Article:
a tinys dribbling eye on top and thinly thatched.
He had it in his hand, said I could feel.
I didn’t fancy it. ‘Now show me yours’ he said.
I stared him out, all snooty and detached,
pulled down my navy knickers.
lifted up my skirt.
He peered, his snotty nose up close.
looked hurt. I wouldn’t let him touch.
He shrugged and said ‘You ain’t got much,
did someone cut it off?’
Then poking behind his molars
hooked the promised gum and offered it
half chewed with no mint left
and full of Dave Cork’s spit.

A sticky metaphor perhaps
of Things To Come…?

Liz Niven
Liz Niven is one of Scotland's most popular poetry facilitators. She is a poet writing in English and Scots.She has published several poetry collections, including The Shard Box, Burning Whins, Stravaigin (Luath Press Ltd).

A sample. I like the pathos, and the seeming simplicity – so hard to bring off. It refers to the ‘homecoming year’ (2009) – a series of events designed to attract people of Scottish ancestry to visit Scotland.

Hamecomin blessins

oan the faimilies waitin,
breid, watter and mair oan the table,
bed made, hoose trig,
bit naebodie comes hame.

oan the folk wi nae hames tae gan tae,
cooried, at the hin en o a dreich nicht,
intae cairdboard boxes or
warmin hauns roon a brazier unner a bypass
win flappin roon faces shilpit an wan.

oan the sodger hunkert doon
in a bluid-soakt sheuch,
or the refugee staunin
at the black-brunt shell o hoose.

Blessins oan
thaim whae come hame,
thaim whae dinnae ,
thaim wi nae hame tae gan tae.
in this Hamecomin year.

Douglas Lipton

Dumfries writer, widely published, many collections. Douglas has collaborated extensively with other performers and performing groups. Here’s a sample of his poetry, recently published in Orizont Literar, with Romanian translation. I like the way it catches the breathlessness of the narrator, who is almost forced to echo the mad, ancient-mariner-like protagonist. The black humour seems perfectly judged:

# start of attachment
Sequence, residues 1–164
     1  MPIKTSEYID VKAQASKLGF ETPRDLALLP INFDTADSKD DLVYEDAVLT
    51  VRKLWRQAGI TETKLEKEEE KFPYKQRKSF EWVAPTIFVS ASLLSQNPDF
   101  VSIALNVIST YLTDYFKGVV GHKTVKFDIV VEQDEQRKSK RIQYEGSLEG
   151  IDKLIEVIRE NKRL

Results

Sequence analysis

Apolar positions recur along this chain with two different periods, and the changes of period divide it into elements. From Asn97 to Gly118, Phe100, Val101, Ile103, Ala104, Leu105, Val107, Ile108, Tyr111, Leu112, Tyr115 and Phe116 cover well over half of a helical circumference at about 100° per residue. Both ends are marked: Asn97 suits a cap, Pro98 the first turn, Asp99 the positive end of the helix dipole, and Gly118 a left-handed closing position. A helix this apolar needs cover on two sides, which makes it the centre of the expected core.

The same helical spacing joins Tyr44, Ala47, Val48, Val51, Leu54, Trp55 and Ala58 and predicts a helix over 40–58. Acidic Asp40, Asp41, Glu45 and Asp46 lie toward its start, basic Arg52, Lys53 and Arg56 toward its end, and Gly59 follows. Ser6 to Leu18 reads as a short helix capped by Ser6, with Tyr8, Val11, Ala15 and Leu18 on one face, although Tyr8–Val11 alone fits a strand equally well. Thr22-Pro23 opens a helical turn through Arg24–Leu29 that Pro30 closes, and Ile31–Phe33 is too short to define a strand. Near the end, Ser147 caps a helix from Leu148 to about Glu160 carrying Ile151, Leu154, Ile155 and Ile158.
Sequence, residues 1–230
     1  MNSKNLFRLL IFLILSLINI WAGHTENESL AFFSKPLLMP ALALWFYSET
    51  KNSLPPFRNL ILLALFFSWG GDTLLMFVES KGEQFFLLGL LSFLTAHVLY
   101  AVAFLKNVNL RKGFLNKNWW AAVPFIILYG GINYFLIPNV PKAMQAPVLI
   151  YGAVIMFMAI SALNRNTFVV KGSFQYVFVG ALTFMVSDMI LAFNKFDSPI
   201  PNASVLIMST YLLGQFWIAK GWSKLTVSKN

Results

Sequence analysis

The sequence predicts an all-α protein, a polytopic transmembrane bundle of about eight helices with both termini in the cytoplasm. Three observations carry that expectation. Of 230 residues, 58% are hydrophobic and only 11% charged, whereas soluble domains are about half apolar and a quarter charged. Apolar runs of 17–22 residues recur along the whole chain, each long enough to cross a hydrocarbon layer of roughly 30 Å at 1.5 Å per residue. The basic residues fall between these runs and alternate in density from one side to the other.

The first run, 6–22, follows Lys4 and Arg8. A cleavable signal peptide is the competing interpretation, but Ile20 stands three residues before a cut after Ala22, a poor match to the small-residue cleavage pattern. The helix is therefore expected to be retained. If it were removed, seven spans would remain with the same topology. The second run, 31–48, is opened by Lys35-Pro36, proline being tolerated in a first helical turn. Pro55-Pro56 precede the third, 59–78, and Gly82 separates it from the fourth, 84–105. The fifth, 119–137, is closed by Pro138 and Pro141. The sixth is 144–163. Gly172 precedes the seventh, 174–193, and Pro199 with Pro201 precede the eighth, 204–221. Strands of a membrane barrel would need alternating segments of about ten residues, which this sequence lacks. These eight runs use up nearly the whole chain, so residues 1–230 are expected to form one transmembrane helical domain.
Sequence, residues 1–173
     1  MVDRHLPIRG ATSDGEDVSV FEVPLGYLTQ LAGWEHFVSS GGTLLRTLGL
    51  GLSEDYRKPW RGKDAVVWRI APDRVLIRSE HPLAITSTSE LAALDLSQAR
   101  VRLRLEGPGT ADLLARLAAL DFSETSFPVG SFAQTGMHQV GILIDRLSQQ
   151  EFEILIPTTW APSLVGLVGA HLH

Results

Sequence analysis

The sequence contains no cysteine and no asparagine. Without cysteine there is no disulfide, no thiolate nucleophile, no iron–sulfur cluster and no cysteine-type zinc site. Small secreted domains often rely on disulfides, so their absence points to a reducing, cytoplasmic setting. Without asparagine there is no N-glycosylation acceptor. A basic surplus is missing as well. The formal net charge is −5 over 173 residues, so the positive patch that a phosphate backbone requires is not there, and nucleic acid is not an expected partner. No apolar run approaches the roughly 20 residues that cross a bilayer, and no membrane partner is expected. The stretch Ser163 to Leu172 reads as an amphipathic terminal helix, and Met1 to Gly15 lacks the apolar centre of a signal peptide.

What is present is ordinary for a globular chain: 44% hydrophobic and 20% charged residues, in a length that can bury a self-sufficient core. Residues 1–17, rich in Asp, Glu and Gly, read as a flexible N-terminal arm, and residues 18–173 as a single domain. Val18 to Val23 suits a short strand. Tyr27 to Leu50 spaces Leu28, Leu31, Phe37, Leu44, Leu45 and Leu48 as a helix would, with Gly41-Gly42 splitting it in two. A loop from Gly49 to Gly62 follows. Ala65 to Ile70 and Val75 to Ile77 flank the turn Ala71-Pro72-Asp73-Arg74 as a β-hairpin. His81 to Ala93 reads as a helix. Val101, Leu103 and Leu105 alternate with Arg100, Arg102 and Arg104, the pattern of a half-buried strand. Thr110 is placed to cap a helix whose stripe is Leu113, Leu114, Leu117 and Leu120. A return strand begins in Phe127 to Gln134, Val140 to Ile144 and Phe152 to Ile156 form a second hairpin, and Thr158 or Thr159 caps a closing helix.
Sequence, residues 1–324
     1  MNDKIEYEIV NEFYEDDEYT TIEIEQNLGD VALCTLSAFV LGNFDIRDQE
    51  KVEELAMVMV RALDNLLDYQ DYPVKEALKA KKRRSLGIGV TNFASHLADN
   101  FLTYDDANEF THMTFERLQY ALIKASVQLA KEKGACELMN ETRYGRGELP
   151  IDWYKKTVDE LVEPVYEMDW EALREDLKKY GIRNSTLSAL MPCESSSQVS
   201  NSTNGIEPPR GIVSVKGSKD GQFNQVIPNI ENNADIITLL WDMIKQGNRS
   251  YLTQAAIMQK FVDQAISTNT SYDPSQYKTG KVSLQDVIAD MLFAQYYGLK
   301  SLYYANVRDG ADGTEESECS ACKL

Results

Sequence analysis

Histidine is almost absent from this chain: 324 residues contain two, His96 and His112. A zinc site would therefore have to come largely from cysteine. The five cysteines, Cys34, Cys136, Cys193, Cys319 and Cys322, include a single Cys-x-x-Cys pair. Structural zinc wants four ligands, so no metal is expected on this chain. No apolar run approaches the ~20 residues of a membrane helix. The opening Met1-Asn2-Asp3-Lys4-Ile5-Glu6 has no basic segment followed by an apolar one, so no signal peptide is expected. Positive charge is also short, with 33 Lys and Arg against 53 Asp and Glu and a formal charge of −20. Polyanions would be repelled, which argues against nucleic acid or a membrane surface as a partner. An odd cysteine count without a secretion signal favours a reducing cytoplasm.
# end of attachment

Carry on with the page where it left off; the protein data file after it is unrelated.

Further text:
“A Good Sink”: an Ancedote

I must tell you this, though.
It’s this. That we were up in Sutherland
Thinking of buying a house.
We’d seen one advertised, but when
we got there it was all shut up.
We looked around outside anyway,
peering through the windows and so on.
A man came up to us. Local.
“Do you want a house to buy?”
he said. “I’ve got a house you can buy.”
He insisted, really insisted,
so we followed him. He took us
inside. “Look,” he said.
“It’s got a sink.” (Full of peelings
and filthy dishes.) “A good sink.”
We nodded. “A good sink, yes.”
“And a cooker. A good cooker.”
“A good cooker, yes.” “A good cooker.
It cooks. It works.” Yes. Yes.
We nodded. We knew it could cook
from the pot pourri glazed on the hob.
“I’ll just ‘phone them, then,” he said.
“I’ll ‘phone them. You stay there.”
He lifted the receiver, dialled
and waited – A good sink.
A good cooker. This house?
This man? – He was speaking.
Pausing.  Speaking. Our eyes
trailed the flex to its disconnection
at the socket. “We need to go now.
Now. Sorry. We’re – we’re late.
Must go.” “What? Just a – No, wait.
It’s good. It’s good. A good sink.
A good –.” We backed away.
Later that day he took a razor
to the minister. We had been there,
in his house with him.
Just us and him.

1 comment:

  1. I´m greatly looking forward to reading `From Coiled Roots´, Donald.